What in the World is Social Justice?: A Phenomenographic Study of Queensland Final Year Pre-Service Secondary Social Science Teachers' Conceptions of Social Justice

Lawrence Di Bartolo (2008). What in the World is Social Justice?: A Phenomenographic Study of Queensland Final Year Pre-Service Secondary Social Science Teachers' Conceptions of Social Justice PhD Thesis, Education, The University of Queensland.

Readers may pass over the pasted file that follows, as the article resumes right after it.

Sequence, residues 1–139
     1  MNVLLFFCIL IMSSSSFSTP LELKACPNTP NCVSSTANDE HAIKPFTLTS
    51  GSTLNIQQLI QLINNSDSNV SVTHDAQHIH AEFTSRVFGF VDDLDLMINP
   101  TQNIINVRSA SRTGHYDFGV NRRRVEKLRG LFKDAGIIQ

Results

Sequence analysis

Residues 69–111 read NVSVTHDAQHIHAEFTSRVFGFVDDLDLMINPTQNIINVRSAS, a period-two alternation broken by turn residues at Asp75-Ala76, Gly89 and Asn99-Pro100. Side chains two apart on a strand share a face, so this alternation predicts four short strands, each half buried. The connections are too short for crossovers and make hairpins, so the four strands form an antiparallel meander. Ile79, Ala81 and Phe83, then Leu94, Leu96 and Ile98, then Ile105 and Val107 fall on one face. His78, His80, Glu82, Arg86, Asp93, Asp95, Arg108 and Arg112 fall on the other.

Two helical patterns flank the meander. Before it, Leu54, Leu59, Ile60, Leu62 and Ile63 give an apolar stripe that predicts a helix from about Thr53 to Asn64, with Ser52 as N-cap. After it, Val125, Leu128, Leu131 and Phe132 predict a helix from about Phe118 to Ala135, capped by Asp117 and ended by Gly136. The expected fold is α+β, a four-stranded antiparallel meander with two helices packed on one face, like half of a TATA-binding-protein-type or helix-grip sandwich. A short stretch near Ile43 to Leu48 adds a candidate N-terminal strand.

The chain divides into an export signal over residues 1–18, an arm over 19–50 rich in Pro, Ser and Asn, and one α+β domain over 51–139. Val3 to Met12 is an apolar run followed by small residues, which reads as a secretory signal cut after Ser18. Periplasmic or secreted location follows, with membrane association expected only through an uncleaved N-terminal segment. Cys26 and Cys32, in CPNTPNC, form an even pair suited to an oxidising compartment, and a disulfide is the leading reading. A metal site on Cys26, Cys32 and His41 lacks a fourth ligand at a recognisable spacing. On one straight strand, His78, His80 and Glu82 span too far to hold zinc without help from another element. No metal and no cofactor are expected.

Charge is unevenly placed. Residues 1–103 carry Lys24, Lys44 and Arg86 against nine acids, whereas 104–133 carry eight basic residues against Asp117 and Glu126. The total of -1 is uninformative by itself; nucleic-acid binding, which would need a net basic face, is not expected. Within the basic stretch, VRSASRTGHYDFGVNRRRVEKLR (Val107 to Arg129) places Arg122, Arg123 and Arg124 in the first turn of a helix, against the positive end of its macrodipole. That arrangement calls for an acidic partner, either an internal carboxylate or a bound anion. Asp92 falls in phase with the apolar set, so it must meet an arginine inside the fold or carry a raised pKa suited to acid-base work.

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Author Lawrence Di Bartolo
Thesis Title What in the World is Social Justice?: A Phenomenographic Study of Queensland Final Year Pre-Service Secondary Social Science Teachers' Conceptions of Social Justice
School, Centre or Institute Education
Institution The University of Queensland
Publication date 2008-12
Thesis type PhD Thesis
Supervisor Professor Martin Mills
Dr Gloria Dall'Alba
Total pages 343
Total black and white pages 343
Subjects 13 Education